This article discusses gender violence, domestic and beyond, in wartime southern Sudan, particularly among the Dinka of southwestern Sudan. Furthermore, it discusses the efforts of rebel armies, fighting against the northern government of Sudan, to forge a woman’s role in the liberation struggle. The effort has focused on the women’s reproductive roles as their contribution. This “nationalization” of the womb has nearly licensed young violent men to assume rights over women’s sexuality–often leading to rape. Coupled with traditional cultural notions of sexuality, this wartime experience has reinforced men’s domination over women. This article argues that much scholarly emphasis has been placed on the use of rape as a weapon for torture. But equally important are the myriad of ways in which violence is socially reproduced within communities and families.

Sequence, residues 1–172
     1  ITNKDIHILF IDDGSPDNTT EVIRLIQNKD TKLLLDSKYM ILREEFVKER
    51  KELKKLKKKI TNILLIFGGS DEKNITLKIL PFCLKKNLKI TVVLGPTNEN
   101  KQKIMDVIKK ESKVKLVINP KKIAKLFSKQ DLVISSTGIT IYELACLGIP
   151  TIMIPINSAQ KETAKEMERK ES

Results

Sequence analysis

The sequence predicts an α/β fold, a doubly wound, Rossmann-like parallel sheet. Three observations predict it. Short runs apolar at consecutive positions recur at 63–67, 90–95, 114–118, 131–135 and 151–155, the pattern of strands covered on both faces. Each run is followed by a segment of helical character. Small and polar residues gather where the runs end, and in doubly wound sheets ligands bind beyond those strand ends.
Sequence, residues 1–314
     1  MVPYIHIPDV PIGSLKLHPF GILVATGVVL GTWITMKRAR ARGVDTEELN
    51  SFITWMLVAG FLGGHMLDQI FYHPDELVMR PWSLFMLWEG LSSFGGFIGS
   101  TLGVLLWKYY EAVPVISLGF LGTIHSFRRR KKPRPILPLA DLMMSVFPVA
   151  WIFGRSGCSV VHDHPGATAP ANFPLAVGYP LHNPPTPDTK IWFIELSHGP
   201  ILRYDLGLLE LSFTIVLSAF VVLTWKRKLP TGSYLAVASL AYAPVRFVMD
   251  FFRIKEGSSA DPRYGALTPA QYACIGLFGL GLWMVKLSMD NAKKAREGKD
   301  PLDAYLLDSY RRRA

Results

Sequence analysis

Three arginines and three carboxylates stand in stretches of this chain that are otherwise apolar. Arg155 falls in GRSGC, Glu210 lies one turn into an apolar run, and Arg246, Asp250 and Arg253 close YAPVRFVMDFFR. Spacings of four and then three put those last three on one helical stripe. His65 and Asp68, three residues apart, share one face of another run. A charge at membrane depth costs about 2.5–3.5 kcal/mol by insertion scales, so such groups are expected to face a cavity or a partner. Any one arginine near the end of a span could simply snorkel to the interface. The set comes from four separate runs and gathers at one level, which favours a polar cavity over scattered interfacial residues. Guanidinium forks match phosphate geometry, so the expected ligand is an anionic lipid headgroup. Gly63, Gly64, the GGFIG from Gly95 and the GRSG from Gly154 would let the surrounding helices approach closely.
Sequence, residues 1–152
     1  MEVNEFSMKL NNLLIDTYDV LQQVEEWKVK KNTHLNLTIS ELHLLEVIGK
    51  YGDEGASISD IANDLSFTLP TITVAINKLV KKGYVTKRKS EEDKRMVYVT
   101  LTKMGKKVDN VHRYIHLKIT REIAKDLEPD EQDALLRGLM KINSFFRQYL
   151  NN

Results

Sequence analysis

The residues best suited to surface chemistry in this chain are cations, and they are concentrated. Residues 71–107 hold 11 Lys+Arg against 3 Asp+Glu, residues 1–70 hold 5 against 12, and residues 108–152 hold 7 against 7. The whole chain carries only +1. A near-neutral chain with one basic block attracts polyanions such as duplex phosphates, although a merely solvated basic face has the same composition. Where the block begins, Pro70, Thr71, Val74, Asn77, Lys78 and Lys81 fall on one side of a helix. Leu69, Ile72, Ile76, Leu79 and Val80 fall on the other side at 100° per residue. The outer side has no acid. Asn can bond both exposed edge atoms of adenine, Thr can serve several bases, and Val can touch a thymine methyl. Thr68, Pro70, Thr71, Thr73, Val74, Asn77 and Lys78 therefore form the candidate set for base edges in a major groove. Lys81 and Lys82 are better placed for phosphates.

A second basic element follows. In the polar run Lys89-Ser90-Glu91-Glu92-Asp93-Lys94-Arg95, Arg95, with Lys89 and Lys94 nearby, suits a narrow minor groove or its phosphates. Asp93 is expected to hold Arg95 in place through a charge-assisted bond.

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Jok Madut Jok is cofounder of the Sudd Institute. Born and raised in Sudan, Jok studied in Egypt and the United States. He is trained in the anthropology of health and holds a Ph.D. from the University of California, Los Angeles (UCLA). Jok recently joined the Government of South Sudan as undersecretary in the Ministry of Culture and Heritage. He was a J. Randolph Senior Fellow at the United States Institute of Peace and a fellow at the Rift Valley Institute. He is a Professor in the Department of History at Loyola Marymount University in California, from which he is on an extended leave. He has also worked in aid and development, first as a humanitarian aid worker and has been a consultant for a number of aid agencies. He is the author of three books and numerous articles covering gender, sexuality and reproductive health, humanitarian aid, ethnography of political violence, gender-based violence, war and slavery, and the politics of identity in Sudan. His book Sudan: Race, Religion and Violence, was published in 2007. Jok is co-editor of The Sudan Handbook, 2010.
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